The Normal Redefined for Citizens and Businesses Alike
Organizations would focus on investing in systems and processes; whereby a substantial number of employees can move to a work from home arrangement
In a span of a few days, we all would slowly crawl out of our homes, and head back to the world; where the word ‘lockdown’ until recently was associated with a zoo, prison, or a reality show. This summer, we will see people stepping out with trepidation and in the hope that things get back to normal soon.
Health concerns, reduced social interactions, drastic pay cuts, collapsing businesses, and overall uncertainty is what all the chatter is about everywhere today. It is true that economies, businesses, and work environments are never going to be the same again. The normal for them has just been redefined, and this new normal is not all that bad.
‘Work from home’ by now would have been the most used phrase in times of coronavirus. At this time, technology-enabled companies are allowing their employees to be in touch and also remain productive. Collaborative tools such as video conferencing have made companies realize that physical meetings are no longer a prerequisite for effective interaction. Already, large IT companies with robust IT security infrastructure are getting ready to operate without their employees coming to the office. This would have a cascading effect on huge savings on office rentals and allied establishment costs. Also, employees would save on commuting costs, support in reducing traffic and pollution, and of course, have enhanced productivity levels.
Going forward, organizations would focus on investing in systems and processes; whereby a substantial number of employees can move to a work from home arrangement. For B2B organizations, functions such as sales and marketing, design, and technical support can be the first to move away from the office, as client interaction seldom happens at the company’s premises. Organizations would rather want their sales and marketing teams to spend more time with their clients, rather than filing reports at their own office. Knowledge workers and senior-level staff are ultimately judged on the results they deliver, and work from home is a great way of leveraging their strengths and maintaining their productivity.
In the long run, work from home would be defined as ‘productive from home’. Once work from home starts becoming the norm, organizations would explore hiring talent from any part of the country, begin with, and then any part of the world depending on the nature of work and industry. If the right processes are in place and job roles are defined, organizations would get a wider talent pool to access. At the same time, talented individuals will offer their services to multiple organizations as they are no longer required to confine themselves to a physical location. This would create a vibrant labor market with a slew of benefits to individuals, businesses, and end customers.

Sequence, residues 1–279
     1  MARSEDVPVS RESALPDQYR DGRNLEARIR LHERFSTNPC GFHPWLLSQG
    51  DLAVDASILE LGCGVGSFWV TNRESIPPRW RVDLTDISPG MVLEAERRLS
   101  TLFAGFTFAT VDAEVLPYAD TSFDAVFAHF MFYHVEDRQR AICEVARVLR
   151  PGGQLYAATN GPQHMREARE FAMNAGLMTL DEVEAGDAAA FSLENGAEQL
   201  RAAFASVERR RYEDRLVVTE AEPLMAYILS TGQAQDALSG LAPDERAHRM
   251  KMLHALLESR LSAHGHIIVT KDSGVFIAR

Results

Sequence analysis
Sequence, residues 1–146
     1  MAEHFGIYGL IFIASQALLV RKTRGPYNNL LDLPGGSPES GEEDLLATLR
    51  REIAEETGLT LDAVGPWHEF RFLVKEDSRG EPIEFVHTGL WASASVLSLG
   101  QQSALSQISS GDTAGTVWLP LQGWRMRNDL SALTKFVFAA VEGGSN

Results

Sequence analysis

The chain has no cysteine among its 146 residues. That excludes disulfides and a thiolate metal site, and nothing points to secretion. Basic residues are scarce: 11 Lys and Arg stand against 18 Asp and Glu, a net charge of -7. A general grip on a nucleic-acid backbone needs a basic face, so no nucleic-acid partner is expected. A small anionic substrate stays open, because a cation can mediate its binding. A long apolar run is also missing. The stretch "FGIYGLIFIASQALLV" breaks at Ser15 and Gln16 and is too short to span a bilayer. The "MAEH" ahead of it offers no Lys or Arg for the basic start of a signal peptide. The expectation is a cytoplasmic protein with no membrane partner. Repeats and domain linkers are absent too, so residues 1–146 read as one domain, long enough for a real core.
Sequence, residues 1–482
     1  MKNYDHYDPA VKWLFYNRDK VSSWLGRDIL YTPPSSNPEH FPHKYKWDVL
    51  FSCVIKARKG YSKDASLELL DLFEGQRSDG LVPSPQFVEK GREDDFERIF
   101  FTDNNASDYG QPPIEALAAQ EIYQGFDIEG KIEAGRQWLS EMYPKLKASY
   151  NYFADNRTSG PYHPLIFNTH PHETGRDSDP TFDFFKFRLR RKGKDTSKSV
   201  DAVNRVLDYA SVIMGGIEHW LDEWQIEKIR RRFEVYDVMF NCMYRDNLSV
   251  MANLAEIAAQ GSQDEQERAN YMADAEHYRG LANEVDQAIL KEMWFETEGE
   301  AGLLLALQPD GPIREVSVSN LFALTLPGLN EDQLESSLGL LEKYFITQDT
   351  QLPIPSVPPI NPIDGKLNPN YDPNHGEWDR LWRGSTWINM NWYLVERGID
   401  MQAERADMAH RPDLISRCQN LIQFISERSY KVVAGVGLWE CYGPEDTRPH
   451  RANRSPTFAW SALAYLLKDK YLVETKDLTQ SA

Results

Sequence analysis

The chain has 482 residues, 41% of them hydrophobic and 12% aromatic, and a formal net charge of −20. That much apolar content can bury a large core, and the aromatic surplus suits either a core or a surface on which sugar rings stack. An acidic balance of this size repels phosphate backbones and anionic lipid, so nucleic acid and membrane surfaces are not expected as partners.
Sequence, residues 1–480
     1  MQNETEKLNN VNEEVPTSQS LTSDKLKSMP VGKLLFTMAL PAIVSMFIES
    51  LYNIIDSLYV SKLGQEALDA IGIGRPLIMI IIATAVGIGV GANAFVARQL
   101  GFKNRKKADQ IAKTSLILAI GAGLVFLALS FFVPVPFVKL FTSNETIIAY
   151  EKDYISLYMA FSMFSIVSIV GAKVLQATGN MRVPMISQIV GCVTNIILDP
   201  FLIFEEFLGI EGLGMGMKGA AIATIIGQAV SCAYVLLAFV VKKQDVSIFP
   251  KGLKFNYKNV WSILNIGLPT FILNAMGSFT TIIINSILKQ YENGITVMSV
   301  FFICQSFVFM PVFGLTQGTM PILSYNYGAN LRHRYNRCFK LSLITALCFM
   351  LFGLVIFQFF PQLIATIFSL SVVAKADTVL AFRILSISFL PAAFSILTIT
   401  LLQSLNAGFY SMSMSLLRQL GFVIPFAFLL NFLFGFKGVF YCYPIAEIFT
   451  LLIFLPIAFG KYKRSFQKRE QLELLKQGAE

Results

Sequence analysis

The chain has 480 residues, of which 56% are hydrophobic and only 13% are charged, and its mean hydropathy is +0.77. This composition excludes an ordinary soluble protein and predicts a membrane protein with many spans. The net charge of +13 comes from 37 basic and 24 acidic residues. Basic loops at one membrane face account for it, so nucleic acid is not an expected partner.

The COVID-19 crisis has realigned everyone’s outlook and priorities towards life and from being a ‘consumption economy’, we are aligned to becoming a more ‘conscious economy’. The lockdown has been a great opportunity for introspection. Pictures of clear blue skies, clean water bodies, sightings of faraway monuments have been all over the news. Suddenly, we have realized that pollution levels can be next to nothing and the world can be much a cleaner and the healthier planet if humans just stayed away. Of course, that’s not going to happen, but there is an urgent need to relook how we go about our lives in which consumption is at the core of any human action. People and governments would revisit their actions and be more conscious of what and how they consume the resources around us. Just as there is one life to live, there’s only one planet to inhabit and spend on travel, luxury goods, entertainment, clothing; any non-essential expenditure would be revisited. Failure to do so would mean we let a crisis go waste.
In these troubled times, having your home is a ‘safe haven’, that provides safety and reassurance which is invaluable. Going forward, investment toward homeownership would drive the economic efforts of the working population. With the uncertainty over rent obligations, no individual would want to be at the mercy of finicky landlords. This would be good news for the beleaguered real estate industry, as home buying would once again be a high priority item for most families. I’m already imagining real estate firms designing their marketing campaigns about how their residences have a home office setup, with plug and play connectivity.
Countries such as India have a very small portion of their gross domestic product dedicated to public health and medical facilities. This crisis would have made the government realize that not investing in robust health infrastructure is not just a life risk but even an invitation to a bigger economic crisis. I definitely foresee the government spending a lot more on improving health and sanitation facilities. The medical equipment industry would get a huge boost in India and with an already thriving pharmaceutical industry, India can position itself as a world leader in health and life conservation.